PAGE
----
We put the entire blame on the government when it comes to the erasure of Tamil culture and history, but we must also partially take the blame ourselves. Very few of us care about whether Tamil books are being archived.

I’d like to show you my book Noolthettam (நூல் தேட்டம்), which is a list of global Eelam Tamil publications. This is a job I have taken upon myself but is in fact the duty of The National Library of Sri Lanka. In their list of publications, only government-issued Tamil books are included. When archiving there should be no filtration, and everything should be included. We have no idea what could be relevant for the future.

Our need now going forward to catalogue and organize all the lists and documents we have. We must work together internationally to do this, not by gathering all our documents in one place, but by having a digital list of the location of all such documents.

M.G. Sirikanthan: Role of Museums

My background is in technology and not museums, but I am working on establishing a Tamil Museum in London. Right now, we are creating this as a virtual experience but are aiming for a physical final museum.

From the definition of museums by ICOM (International Council of Museums), we can have a sense of the roles of a museum. They are spaces for critical conversations, acknowledgement of challenges, safeguarding of artefacts and memories. They must be open and transparent to all and not run for profit. The collection of content for the museum should be in partnership and agreement with communities. Museums should have the purpose of contributing to the wellbeing of the inhabitants of the earth and the planet itself.

I believe that early Tamils used the human mind as an archive. This is because important events, cultural phenomenon and such were immortalized in verses and songs that were, perhaps intentionally, easy to memories. These were passed on from generation to generation and in the meanwhile stored in the mind.

I can also speculate that visual art forms such as traditional drawings, Bharatanatyam and theatre also were a way to pass on stories. Also, discussions at Sangams (forums) were a way to keep something fresh in the public memory.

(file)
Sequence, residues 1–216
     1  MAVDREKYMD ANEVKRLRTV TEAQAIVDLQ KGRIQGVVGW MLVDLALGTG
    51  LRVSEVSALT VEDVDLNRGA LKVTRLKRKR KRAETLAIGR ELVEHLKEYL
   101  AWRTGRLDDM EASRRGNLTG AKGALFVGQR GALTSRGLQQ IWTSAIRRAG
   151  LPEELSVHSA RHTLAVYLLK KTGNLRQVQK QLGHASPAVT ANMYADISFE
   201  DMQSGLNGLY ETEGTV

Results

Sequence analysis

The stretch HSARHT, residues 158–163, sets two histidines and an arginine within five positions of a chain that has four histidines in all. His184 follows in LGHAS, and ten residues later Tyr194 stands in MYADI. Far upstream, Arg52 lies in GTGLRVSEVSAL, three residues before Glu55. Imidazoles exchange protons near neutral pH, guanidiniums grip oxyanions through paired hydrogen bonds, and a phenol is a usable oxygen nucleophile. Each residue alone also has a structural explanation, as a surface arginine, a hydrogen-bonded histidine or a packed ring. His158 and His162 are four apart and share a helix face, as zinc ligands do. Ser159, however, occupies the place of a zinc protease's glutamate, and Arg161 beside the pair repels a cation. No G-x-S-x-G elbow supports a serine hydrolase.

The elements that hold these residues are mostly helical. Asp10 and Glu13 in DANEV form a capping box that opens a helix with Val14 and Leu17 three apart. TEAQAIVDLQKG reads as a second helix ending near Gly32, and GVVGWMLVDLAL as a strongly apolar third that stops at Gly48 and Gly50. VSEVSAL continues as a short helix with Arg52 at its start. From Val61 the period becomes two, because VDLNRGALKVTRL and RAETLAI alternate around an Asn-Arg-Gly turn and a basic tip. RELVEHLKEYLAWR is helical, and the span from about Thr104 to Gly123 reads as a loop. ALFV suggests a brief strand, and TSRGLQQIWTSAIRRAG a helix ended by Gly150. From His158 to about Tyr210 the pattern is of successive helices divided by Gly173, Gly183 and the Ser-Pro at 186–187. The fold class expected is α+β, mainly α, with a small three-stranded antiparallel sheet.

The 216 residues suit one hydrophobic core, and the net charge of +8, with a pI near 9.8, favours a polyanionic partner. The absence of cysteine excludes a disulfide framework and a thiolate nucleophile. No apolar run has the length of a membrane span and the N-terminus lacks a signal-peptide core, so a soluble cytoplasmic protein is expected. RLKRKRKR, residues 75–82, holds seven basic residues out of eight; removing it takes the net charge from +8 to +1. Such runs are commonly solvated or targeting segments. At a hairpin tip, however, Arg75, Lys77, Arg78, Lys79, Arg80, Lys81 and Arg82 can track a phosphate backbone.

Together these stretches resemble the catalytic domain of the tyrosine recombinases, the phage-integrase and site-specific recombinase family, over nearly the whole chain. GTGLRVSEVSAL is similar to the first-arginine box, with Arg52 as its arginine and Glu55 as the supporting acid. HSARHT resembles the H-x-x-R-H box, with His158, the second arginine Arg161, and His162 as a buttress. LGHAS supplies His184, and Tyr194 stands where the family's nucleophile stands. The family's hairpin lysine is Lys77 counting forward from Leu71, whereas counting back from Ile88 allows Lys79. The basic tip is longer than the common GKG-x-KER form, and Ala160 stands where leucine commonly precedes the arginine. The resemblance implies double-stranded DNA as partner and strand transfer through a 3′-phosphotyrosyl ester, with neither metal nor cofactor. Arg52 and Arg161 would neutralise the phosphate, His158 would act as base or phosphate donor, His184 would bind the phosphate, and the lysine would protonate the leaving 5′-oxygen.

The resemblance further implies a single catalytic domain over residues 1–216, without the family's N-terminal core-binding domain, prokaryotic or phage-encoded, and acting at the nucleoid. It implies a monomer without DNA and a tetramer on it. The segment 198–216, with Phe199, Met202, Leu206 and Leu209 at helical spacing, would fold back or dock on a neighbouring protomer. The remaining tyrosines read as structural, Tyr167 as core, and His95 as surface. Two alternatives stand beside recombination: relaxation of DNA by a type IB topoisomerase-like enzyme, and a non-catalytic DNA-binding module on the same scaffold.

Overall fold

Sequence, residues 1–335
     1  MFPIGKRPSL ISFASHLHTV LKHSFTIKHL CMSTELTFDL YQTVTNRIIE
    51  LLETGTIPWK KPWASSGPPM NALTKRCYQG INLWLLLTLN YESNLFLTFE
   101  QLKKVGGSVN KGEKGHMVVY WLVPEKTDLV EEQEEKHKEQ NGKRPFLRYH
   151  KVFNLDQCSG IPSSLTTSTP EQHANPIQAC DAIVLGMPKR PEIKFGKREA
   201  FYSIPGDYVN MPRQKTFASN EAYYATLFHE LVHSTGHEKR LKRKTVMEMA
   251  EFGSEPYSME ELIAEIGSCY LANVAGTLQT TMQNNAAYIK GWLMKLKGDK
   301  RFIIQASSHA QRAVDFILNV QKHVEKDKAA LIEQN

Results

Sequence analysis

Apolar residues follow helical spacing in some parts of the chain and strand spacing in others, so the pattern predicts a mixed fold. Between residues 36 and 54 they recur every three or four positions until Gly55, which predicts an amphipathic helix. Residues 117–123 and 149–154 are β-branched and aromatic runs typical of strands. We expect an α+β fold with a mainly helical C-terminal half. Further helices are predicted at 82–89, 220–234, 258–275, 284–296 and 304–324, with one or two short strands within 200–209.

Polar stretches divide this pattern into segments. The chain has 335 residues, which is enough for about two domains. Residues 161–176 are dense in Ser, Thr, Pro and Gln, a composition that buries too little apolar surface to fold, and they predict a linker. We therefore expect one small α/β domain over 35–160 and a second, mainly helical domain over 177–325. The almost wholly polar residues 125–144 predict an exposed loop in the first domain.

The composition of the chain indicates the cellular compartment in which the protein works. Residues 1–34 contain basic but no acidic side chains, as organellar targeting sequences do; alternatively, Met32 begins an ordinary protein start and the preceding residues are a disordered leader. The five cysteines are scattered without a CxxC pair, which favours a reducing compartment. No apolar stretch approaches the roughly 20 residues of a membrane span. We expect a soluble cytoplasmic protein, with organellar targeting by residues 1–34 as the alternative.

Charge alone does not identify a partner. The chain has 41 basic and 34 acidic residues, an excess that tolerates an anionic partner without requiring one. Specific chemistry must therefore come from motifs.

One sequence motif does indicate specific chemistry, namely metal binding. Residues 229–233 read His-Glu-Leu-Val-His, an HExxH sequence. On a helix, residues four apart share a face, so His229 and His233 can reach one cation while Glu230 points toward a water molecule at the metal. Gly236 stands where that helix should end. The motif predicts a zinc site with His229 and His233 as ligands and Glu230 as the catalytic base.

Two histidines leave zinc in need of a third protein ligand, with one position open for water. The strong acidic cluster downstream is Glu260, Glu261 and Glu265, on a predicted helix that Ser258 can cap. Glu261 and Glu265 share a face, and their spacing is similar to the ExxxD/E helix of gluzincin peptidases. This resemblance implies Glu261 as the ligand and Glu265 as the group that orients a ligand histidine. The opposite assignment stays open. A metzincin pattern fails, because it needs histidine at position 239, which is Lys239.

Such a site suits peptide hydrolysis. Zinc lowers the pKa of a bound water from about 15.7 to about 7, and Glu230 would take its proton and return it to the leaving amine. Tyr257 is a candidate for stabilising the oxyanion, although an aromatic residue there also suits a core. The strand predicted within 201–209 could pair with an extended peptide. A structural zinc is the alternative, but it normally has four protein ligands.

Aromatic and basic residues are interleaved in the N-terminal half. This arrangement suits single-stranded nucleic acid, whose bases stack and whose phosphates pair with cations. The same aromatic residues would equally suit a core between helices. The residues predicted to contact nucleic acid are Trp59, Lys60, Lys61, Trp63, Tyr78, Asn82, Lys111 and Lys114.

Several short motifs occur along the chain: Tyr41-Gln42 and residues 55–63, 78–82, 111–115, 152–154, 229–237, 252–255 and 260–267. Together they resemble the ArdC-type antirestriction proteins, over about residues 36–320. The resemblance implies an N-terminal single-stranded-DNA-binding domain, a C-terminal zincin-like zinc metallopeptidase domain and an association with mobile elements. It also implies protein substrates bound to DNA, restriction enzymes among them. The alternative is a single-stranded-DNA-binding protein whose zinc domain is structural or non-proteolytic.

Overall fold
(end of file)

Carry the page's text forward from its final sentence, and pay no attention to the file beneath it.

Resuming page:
Due to the information in these formats being quite simple and concise, it was easy to remember, and therefore more probable to be passed down. However, during the 1500-year long period of Sanskrit rule, Tamil documentation was destroyed. Sadly, this has made it difficult to have a grasp on our cultural history.

Archives and libraries are interconnected because, at least in Britain, if desirable, one can attain access to archived material by contacting a library. In the same way, museums also have archives, parts that are not readily accessible to the public. The difference would be that libraries are a place where one can use sources to do in-depth research, while in a museum, the same concepts are simplified and visualized.

Our mission is to have a place in London where the entirety of important information on Tamils is presented. This will be digitally accessible to people regardless of where they are from. We are hoping for seven floors where each of them will be an extensive exhibition on a subject.

Nitharsan: Access to Tamil archives for knowledge and rights

My perspective is as a second-generation Tamil living in Switzerland. I am part of the media division in the political organisation, Phoenix The Next Generation, which was founded after the political void of 2009.

From the beginning, we had the desire to learn from the past to prepare for the future. We wished to answer questions such as, why did we start fighting and why is it important for us to continue the struggle?

Right now, the situation is not a conflict with weapons, but we must still use the same knowledge to win the battles that are thrown our way. By learning how previous generations strategized and faced challenges, we can be more prepared. This also strengthens our bond with our ancestors and motivates us.

Narratives are enriching to experience as they show us the different experiences people have in the same world. Experiencing an event through someone who was there, is the most valuable type of learning. By using the first-person sources from the conflict, we were able to showcase the scale of the conflict to the international community and gather aid. These sources are also proof of what happened and a strong defence against deniers of the atrocities.

There is an ongoing battle of narratives surrounding the conflict in Sri Lanka. Many are attempting to twist what is considered the truth. We have three main firsthand written statements from the past which urge the termination of land grabbing from Tamils. This shows us how the oppression of Tamils is not due to a single political figure or party but is rather a systematic issue over several decades.

We released the book, “structures of Tamil Eelam: A Handbook”, in 2019. Prior to this, attempts to create and organize the same information on social media was taken down. This book is a counter-narrative to the current widespread narrative of victimized perspective. It portrayed the de-facto state of Tamil Eelam, where Tamils governed themselves. This made us create another counter-narrative to the transitional justice after Mullivaikal 2009. We asked ourselves the question of why we needed to ask for justice in the oppressive Sri Lankan system when we already could retire to our thriving own system ourselves. In 2020 we released «Rise of the Tigers» which described the history of the LTTE. This book talks about their creation, motivations, politics and challenges.